Blog Post

Texas $2.3B Biomass Plant Gets Approved

Despite rising controversy over a proposed $2.3 billion biomass plant in East Texas, the Austin city council unanimously approved the contract on Thursday, the local Statesman reports. Under the terms of the contract,Nacogdoches Power will construct and operate a 100-megawatt plant, which will burn woody wastes, including sawdust and tree trimmings, and sell the power to Austin Energy over the course of 20 years.

The plan is controversial because critics says the contract was secured behind closed doors with Nacogdoches and a competitor says it could have offered a biomass plant for a lower cost than $2.3 billion. The CEO of competitor American Biorefining & Energy Inc. sent the Austin city council the company’s own proposal for a biomass project on Wednesday and questioned the bidding process. The approved biomass project is also being looked at closely for its environmental effects, and Nacogdoches will be required to report on how the plant is affecting forests, air and water quality.

The city of Austin has set a goal of delivering 30 percent of its electricity from renewable sources by 2020. Austin Energy currently only gets about 6 percent of its energy from renewable sources, and John Baker, the company’s chief of strategy, told us earlier this year that wind energy alone wouldn’t get them to 30 percent. If all the planned wind, solar and biomass come through on schedule, Austin Energy could be getting as much as 18 percent of its energy from renewable sources by 2012.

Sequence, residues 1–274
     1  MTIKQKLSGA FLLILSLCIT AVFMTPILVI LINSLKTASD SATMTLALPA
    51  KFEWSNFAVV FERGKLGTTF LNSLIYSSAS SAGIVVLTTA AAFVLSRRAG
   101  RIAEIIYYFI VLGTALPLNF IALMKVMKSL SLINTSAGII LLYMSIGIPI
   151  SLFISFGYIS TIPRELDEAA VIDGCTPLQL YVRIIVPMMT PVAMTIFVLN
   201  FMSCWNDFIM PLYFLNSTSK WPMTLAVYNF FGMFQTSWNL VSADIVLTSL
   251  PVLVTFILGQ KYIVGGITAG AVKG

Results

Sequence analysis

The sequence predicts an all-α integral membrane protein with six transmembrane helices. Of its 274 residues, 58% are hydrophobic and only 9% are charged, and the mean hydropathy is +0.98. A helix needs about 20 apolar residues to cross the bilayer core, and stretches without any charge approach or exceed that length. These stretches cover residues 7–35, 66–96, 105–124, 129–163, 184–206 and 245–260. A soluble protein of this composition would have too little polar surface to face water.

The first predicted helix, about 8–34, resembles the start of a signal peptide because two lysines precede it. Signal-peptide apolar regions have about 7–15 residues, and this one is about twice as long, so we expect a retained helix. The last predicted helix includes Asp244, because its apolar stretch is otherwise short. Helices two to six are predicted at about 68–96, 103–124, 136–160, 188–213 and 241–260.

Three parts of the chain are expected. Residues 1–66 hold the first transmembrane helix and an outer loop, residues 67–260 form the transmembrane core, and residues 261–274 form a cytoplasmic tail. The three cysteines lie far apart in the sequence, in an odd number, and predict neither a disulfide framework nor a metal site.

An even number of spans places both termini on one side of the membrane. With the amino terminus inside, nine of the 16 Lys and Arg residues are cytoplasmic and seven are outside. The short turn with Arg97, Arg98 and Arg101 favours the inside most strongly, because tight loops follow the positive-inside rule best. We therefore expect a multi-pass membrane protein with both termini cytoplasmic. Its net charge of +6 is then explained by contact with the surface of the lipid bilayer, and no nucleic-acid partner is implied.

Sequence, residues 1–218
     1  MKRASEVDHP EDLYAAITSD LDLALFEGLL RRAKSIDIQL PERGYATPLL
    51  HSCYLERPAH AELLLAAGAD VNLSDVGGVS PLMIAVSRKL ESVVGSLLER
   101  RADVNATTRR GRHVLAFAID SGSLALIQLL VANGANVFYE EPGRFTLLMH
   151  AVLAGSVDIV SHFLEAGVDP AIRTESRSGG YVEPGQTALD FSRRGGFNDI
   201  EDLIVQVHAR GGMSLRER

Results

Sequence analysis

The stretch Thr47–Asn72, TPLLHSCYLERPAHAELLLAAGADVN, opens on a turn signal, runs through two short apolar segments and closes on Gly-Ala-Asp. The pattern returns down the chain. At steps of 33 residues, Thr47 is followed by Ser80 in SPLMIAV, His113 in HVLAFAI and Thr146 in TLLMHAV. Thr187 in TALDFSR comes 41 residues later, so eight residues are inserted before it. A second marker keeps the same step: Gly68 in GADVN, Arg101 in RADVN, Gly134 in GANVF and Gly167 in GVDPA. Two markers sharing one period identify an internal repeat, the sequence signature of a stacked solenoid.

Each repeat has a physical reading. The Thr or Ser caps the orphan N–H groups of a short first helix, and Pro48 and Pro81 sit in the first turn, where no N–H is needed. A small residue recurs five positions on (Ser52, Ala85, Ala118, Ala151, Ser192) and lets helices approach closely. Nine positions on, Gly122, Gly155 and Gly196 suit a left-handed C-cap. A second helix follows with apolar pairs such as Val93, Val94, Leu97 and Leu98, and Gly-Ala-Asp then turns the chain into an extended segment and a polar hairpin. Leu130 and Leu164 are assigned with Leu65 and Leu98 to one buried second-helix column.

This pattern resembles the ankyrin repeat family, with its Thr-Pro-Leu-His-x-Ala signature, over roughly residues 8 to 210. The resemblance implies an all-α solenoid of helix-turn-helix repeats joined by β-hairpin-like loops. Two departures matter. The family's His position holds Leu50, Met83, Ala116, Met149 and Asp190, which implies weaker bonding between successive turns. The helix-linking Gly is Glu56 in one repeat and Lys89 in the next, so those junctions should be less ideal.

4 Responses to “Texas $2.3B Biomass Plant Gets Approved”

  1. Wind farms now cost just over $2,000,000 per MW. This woodchip plant will cost 10 times that per MW. Ridiculously expensive. It is SO EASY to convince public servents to waste public money. This is an amazingly unwise contract.

  2. greensolutions

    Wow. Considering the amount of energy that will need to be used on the front end of their process and the inherent inefficiency of centralized power generation (with NO COGENERATION, I might add), I can only imagine how much more actual renewable energy could be delivered for 2.3 billion dollars using tried and true distributed solar PV and hot water. Not only would that produce way more energy, it would also distribute the benefits more equitably. That’s a shame.

  3. The first time I read the 2.3 bn (BILLION!!!) I thought it was a typo. But no, they are buying power at a CapEx of $23,000 per installed kW, this is ten times more than current (renewable) competitive technology. Add to that running cost. I could have built two biomass plants for 120 million (!). But hey if they want to cough up the extra dough I’ll shure line my pockets with it. What a stupidity in Austin!